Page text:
R.I. Exchange Bank, East Greenwich
The Rhode Island Exchange Bank was established in East Greenwich in 1852. James B. Pierce was its president and Daniel C. Kenyon its cashier. The institution barely lasted out the decade before Kenyon was exposed as an embezzler on a massive scale.
The Providence Journal of February 11, 1860 tells the story:
“The community were startled yesterday morning by the announcement that Daniel C. Kenyon, the Cashier of the Rhode Island Exchange Bank at East Greenwich, was a defaulter to that institution to a large amount, as well as to the East Greenwich Savings’ Bank, of which corporation he was treasurer. The discovery or the embezzlement was made by the Cashier of the Merchants’ Bank in this city. That bank had received information from New-York that the bills of the Exchange Bank had been hypothecated in Wall-street to raise funds.
“As there had been repeated charges against the bank, at the instance of the management of the Merchants’ Bank, the Cashier went down to East Greenwich on Thursday to satisfy himself of its actual condition. The first evidence of wrong was found in a discrepancy of a number of thousands of dollars in his account with the Merchants’ Bank. But as soon as an examination of the note account was made which disclosed a deficiency of some $25,000, concealment was no longer possible, and he confessed to Mr. Robbins that he was a defaulter. He also confessed that he had added to the crime of stealing the [?] greater crime of perjury. On the 6th [?], in the return he made to the State Auditor of the condition of the bank, he had sworn that the circulation was $19,268, when in fact it was $44,000. He also swore that the deposits were only $3,756, when they exceeded the sum of $12,000. The whole amount of his defalcation to the bank is about $72,000. The capital is only $60,000.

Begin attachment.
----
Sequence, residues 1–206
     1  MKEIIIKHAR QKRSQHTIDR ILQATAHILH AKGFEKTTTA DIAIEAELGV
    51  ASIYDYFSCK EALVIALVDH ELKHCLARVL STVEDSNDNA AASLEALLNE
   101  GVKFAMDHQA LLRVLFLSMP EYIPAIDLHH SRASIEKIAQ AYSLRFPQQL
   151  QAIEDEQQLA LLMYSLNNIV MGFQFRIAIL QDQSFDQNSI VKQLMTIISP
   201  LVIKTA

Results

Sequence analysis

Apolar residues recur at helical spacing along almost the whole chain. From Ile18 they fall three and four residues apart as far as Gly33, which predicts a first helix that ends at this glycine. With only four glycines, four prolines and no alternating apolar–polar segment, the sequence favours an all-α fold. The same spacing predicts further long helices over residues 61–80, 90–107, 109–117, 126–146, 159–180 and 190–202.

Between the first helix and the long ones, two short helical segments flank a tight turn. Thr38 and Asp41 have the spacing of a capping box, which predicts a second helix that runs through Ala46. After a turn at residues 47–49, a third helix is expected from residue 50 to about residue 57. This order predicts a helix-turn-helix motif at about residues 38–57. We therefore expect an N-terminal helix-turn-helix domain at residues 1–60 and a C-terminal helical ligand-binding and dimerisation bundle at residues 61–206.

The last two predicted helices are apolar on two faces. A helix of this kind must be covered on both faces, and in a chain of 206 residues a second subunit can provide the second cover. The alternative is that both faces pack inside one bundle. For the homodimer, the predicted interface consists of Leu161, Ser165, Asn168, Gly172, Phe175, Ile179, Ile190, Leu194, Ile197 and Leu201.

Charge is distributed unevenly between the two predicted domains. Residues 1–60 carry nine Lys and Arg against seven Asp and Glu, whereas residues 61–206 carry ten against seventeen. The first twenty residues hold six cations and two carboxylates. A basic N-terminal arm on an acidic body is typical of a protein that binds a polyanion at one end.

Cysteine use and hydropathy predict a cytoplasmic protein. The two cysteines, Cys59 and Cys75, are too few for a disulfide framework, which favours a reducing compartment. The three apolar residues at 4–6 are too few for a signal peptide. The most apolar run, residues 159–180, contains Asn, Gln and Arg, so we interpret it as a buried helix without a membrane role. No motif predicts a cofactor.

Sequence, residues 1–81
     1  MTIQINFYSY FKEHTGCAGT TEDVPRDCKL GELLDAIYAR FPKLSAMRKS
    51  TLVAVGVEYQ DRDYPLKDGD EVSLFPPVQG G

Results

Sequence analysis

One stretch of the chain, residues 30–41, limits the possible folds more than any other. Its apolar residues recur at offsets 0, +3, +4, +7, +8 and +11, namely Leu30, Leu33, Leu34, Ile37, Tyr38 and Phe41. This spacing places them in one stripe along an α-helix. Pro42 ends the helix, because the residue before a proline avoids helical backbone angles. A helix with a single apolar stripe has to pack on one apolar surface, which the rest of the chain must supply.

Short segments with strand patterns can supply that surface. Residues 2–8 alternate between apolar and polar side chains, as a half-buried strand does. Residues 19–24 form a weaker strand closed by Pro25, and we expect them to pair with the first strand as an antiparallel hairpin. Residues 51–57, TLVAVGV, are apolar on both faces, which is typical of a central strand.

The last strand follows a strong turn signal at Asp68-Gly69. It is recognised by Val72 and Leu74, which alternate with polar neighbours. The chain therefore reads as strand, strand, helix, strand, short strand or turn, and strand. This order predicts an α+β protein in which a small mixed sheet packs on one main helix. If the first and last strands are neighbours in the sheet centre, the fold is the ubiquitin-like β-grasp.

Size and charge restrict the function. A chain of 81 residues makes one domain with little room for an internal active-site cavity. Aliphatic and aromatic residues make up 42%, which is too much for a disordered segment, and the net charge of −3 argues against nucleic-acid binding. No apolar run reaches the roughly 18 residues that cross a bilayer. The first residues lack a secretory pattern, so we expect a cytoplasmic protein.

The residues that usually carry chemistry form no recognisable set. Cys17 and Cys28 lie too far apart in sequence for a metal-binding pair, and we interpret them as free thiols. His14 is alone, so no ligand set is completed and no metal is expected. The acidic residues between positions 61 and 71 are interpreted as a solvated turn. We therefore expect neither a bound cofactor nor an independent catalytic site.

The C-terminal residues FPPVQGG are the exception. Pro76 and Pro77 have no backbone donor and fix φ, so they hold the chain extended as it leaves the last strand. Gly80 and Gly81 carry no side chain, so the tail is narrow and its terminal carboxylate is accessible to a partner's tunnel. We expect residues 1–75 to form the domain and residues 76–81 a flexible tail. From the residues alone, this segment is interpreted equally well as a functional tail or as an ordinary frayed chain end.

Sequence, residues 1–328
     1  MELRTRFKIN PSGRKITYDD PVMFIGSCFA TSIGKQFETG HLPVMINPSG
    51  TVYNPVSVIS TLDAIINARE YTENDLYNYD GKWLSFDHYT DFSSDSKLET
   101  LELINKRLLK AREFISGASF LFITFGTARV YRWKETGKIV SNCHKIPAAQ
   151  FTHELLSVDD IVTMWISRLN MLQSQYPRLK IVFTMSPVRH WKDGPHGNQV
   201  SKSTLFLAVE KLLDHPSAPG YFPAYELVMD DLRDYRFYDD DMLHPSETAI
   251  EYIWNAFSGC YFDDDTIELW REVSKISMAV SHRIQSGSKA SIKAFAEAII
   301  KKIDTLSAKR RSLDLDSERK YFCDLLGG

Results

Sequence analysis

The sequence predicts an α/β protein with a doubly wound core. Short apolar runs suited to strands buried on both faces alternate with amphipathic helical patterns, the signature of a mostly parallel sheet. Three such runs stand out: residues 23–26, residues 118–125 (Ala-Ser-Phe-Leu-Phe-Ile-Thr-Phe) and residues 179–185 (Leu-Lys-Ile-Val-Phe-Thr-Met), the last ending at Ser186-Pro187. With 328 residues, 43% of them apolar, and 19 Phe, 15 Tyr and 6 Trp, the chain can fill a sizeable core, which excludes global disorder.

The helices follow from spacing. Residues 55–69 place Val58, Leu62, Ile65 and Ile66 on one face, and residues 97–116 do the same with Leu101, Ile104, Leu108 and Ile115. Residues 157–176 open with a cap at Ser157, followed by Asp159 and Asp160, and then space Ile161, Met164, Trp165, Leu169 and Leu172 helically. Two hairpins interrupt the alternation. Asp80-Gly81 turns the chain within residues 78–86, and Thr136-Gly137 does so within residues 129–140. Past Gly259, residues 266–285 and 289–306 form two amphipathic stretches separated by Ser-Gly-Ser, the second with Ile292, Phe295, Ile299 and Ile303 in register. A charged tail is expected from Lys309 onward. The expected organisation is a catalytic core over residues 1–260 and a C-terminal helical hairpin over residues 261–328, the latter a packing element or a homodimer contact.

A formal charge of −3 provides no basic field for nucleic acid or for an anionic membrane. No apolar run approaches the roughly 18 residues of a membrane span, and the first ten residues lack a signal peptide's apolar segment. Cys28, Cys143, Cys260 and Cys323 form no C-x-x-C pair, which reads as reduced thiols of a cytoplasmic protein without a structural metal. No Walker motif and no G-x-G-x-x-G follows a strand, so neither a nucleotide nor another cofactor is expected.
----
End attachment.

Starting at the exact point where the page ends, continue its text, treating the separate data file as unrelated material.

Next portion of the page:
“But-holders will not be losers by the dishonesty of Kenyon. It the circulation is not greater than now believed, the assess of the Bank will pay it as well as the deposes. But of there should be a lack of assets, the stockholders, among whom are many men of large properly, are personally liable for the deficiency.
“Kenyon has also confessed that he has robbed the East Greenwich Savings Bank of $36,000, one half of the whole amount of is deposits. These deposits were the savings of the industrious poor in his neighborhood, and this faithlessness to a most sacred trust will bring upon him the execrations of many ready to perish.
“The large sum which he has embezzled — $108,000 — Kenyon alleges has been wholly lost in stock speculations. He commenced his stock gambling some years ago, and was at first successful, having made $10,000 in his early operations. His losses have been in Erie Railroad and in mining stocks. His dishonesty is the more surprising as he has always borne a most excellent character, and his style of living prudent and befitting his station. His aged father, Mr. George Kenyon, well known in Kent County, is his bondsman to the bank for $15,000. Mr. James B. Pierce, the President of the Exchange Bank, is his bondsman to the Savings Bank in the sum of $10,000.
“Gov. Turner yesterday appointed Shubael Hutchins and Henry Anthony, of this city, commissioners to make an examination of the affairs of the bank. They will at once report its condition to the Supreme Court, when an injunction will undoubtedly be issued, and a receiver be appointed to wind up its affairs.”
It is believed that the central vignette on the first three notes below is an early view of East Greenwich harbor. The notes are signed by Kenyon and Pierce.